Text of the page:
Our attempts to reach the Park via the canal towpath ended in barriers. Instead we had to negotiate the last few hundred yards on foot past Olympic investment opportunistic apartment buildings. The canal lock and neat cottage was the only certainly pre-2012 feature we saw.
Our first definite sighting of the Park was this imposing structure from the distant road where we left the bus.
The ArcelorMittal Orbit by Sir Anish Kapoor
Apart from Kapoor's mangled tower – as if someone had tried to turn the Eiffel Tower into V. Tatlin's 'Monument to the 3rd International' ...
Vladimir Tatlin's Tower
... the rest of the vast space that lay in baking sunlight in front of us was pure corporate entertainment unscape; a scene devoid of history. All previous occupation of the site, whether it be distant Anglo Saxon's hunting the banks of the Lea, medieval eel fishers, Cockney kids out swimming, railway history, – any history at all – was no where to be seen. The site was as blank as a piece of A4 paper.
Zaha Hadid's fine London Aquatic Centre stood up to scrutiny; on an horizon dominated by the frankly mediocre 'cake tin' architecture of modern edge-of-town retail parks, it had a lovely sense of scale and grace; even slightly inscrutable.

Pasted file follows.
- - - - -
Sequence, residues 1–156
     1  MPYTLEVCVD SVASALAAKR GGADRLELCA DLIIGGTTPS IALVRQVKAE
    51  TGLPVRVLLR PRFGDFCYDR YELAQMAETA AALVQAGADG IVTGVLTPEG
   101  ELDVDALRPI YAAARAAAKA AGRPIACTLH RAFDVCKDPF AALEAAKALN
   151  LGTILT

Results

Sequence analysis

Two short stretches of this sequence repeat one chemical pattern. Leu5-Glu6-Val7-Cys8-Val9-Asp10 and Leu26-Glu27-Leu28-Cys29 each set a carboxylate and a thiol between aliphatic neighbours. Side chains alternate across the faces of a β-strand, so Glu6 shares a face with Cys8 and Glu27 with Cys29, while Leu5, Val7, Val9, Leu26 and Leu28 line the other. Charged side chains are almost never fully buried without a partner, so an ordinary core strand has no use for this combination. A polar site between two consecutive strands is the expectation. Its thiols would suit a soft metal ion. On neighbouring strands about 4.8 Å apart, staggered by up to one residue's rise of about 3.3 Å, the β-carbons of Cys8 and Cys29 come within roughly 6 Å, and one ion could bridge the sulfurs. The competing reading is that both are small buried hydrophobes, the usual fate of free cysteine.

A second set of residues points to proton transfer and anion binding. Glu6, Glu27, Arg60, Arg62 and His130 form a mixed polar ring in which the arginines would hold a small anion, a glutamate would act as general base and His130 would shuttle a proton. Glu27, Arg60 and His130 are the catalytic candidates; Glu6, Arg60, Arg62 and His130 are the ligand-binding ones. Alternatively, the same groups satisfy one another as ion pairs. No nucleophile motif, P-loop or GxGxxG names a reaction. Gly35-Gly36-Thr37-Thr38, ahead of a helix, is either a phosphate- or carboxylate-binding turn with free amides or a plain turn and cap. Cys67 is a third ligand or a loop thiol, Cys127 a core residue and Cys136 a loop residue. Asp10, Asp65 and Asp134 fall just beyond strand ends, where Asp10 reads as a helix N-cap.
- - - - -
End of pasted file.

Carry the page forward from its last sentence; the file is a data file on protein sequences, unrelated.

The London Aquatic Centre by Zaha Hadid
I somehow doubt Hadid can be faulted for the coloured pencils along the canalised River; it helped that a Sedge Warbler was scratching out it's tuneless song from the emergent reeds in the foreground. The sound of something unplanned, adventitious and promising that in due time this otherwise soul less place might acquire a life.
Within three days we were mooching around an entirely different re-claimed site over looking the Tyne at Dunston. The contrast illustrated something important.
Obviously the organisers of the London Olympics had to deal with a range of problems and issues that far, far exceed those that Gateshead has in re-inventing the Dunston Staithes. No meaningful comparison is to be made I will grant. Yet, in their different ways these two examples express something about the way re-development could embrace history rather than banish it. In accepting the story of the past in what remains, the depth of our understanding of place is held in mind for the future.
A housing development overlooking the river and the Staithes is a truly uplifting example of how old industrial land can be re-developed and enhanced by built history.
Dunston Staithes slideshow (off site link)
If you visit Dunston Staithes do try the Staithes Café. Recommended.